The general workflow for Melodyne goes as follows:
Melodyne is object oriented so you will see objects in the software that you can manipulate. If you need to correct pitch or quantize a vocal, you can quickly do so by simply selecting the objects you would like to apply this to and clicking on the macro button by the tool bar. Simply hover your mouse over the tool if you are unsure which is which.
When using the correct pitch macro, correct pitch center will determine how close to center pitch note will be pulled. Pitch drift will determine how much variation in a note is considered close enough to center pitch to be left alone. The quantize time macro quantizes audio like midi and automatically works the moment you pull it up. The pitch transition tool allows you to control the glide between one note and another.
At the beginning or middle of a note, double-click to quantize pitch to the nearest suitable semitone. At the end of the note, control the pitch transition to the next note. Double-click to turn the transition on or off. These sub-tools which are used for pitch modulation (vibrato or drift) are not context-sensitive. Double-clicking on a note removes the vibrato or drift altogether or restores it. The note separation tool can be used by creating a note separation above or below a note where none exists. Otherwise, double-click to delete or move one. If the Alt key is held, segments can be created or reunited. The latter presupposes, of course, that they once belonged together.
Use the formant tool at the beginning or middle of a note to alter formants. Keep in mind that this is only possible in the melodic playback algorithm has been selected. Double-click to restore formant beams to their original positions. If you use the formant tool at the end of a note, you can control the formant transition to the next note.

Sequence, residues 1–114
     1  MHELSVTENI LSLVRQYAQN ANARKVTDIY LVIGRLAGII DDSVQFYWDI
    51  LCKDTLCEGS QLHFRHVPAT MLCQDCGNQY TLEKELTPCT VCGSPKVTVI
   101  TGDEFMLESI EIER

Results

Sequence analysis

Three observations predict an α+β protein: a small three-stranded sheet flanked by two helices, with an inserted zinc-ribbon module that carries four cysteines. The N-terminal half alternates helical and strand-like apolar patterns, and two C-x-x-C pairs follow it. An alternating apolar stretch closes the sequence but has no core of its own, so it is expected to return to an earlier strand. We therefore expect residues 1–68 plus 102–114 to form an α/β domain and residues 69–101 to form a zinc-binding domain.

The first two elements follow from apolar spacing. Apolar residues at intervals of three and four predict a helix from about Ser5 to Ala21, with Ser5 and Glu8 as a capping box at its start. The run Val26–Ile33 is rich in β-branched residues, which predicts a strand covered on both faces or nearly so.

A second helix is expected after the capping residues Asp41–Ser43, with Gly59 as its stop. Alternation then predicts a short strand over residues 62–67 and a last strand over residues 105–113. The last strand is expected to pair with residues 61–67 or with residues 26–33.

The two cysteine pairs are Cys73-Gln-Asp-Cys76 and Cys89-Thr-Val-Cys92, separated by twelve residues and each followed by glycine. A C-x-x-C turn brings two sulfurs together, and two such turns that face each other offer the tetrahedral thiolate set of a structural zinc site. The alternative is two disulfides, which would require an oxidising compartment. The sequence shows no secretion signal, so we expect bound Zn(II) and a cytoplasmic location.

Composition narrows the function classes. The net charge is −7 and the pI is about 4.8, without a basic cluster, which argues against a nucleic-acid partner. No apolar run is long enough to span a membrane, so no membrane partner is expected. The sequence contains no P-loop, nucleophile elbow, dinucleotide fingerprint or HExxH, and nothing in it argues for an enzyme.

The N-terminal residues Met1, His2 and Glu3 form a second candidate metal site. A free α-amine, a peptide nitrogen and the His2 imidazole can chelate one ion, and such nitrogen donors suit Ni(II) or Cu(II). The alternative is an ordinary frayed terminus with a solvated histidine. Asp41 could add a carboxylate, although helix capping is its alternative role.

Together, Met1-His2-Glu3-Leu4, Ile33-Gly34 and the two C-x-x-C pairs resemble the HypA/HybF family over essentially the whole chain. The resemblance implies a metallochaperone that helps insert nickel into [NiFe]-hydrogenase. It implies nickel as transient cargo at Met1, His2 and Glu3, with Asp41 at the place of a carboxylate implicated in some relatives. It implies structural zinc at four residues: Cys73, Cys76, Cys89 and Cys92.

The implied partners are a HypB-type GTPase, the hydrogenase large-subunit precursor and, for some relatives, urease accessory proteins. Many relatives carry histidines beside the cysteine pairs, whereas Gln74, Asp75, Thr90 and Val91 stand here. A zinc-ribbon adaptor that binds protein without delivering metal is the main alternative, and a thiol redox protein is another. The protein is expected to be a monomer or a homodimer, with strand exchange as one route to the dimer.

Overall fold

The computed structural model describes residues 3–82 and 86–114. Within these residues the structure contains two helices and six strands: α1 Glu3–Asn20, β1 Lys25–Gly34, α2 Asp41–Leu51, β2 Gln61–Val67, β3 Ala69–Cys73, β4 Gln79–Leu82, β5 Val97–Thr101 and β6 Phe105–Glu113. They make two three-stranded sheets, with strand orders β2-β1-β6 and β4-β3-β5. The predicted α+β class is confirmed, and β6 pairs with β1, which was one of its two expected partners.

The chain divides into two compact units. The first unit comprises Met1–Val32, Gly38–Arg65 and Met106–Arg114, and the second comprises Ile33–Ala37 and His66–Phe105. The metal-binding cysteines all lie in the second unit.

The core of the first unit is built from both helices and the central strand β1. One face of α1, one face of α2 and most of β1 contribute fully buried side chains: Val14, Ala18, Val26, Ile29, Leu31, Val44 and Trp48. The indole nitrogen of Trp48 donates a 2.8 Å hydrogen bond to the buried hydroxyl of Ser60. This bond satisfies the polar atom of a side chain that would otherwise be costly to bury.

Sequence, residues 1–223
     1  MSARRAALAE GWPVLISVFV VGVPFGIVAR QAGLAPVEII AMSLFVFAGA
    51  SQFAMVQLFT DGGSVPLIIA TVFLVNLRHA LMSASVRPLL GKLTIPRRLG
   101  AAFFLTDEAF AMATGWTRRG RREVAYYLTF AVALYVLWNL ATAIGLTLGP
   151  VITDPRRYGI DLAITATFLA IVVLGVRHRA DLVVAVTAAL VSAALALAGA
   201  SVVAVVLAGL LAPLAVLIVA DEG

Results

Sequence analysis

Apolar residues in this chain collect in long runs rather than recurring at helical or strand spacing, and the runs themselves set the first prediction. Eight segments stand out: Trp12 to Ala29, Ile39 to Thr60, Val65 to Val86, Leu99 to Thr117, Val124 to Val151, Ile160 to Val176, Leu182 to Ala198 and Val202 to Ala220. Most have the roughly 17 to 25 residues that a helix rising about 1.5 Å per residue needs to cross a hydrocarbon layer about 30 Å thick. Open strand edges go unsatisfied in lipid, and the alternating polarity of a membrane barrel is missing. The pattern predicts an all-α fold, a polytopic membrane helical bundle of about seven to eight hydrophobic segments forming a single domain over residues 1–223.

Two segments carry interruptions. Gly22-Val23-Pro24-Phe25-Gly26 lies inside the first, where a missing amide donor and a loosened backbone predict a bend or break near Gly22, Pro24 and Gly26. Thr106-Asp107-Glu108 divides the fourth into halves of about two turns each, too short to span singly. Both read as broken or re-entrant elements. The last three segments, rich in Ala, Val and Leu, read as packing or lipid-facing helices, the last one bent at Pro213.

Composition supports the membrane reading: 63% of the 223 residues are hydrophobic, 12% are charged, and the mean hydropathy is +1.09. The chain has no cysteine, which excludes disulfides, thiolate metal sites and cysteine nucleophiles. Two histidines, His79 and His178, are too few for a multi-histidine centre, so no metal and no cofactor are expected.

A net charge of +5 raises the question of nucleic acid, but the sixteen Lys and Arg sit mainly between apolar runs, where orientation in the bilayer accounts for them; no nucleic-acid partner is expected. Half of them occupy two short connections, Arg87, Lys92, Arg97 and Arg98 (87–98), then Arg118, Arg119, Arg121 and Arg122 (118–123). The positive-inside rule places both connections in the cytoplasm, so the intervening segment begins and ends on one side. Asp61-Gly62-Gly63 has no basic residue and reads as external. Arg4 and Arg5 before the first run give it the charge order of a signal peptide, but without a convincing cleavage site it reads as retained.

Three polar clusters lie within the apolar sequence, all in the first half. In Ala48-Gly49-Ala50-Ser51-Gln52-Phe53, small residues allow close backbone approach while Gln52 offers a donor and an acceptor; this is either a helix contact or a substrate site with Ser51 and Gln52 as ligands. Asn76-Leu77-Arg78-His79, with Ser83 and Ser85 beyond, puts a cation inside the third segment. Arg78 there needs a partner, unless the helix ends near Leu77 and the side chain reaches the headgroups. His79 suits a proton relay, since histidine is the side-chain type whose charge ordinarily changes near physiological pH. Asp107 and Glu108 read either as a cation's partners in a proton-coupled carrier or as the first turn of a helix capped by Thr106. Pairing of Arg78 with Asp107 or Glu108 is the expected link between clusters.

When used at the beginning and middle of a note, the amplitude tool will alter amplitude. You can double-click to toggle between muting or unmuting notes. When used at the end of a note, the amplitude tool can control the amplitude transition to the next note.
The time tool can alter the position of a note if the Alt key is held without snapping. Double-click to quantize to the next suitable time unit. At the end of the note, time tool can alter length. When the main tool is used at the beginning of a note it can alter position, in the middle of a note it can alter pitch, and at the end of a note it can alter length. When used above or below a note, you can create a note separation where none exists. Otherwise, double-click to delete or move one. If the Alt key is held, segments can be created or reunited. The latter presupposes that they once belonged together.
Melodyne defaults to saving the file in your session plug-in setting folder, but you can change this in Melodyne preferences. To print your Melodyne edit, create a new track and set the input to a bus. Next, set up a send on the track to print. Make all plug-ins on that track inactive. Print the Melodyne audio to a new track, and you’re done!
Tuning vocals is a key factor in producing a quality vocal track and Melodyne is a staple in doing so. Once you understand the workflow and different tools used in Melodyne, you can quickly and effectively tune your vocals. There is a version of Melodyne for everyone depending on your skill-level and budget. Keep in mind, there is no post-processing that can compensate for a bad vocal performance. Utilize your studio time wisely, and the post-production will be a breeze. Feel free to check out our tips on vocal recording techniques to ensure quality vocal recordings. We hope you find these tips and tricks useful for tuning vocals in Melodyne! Don’t forget that you can try Melodyne editor for free for 30 days here!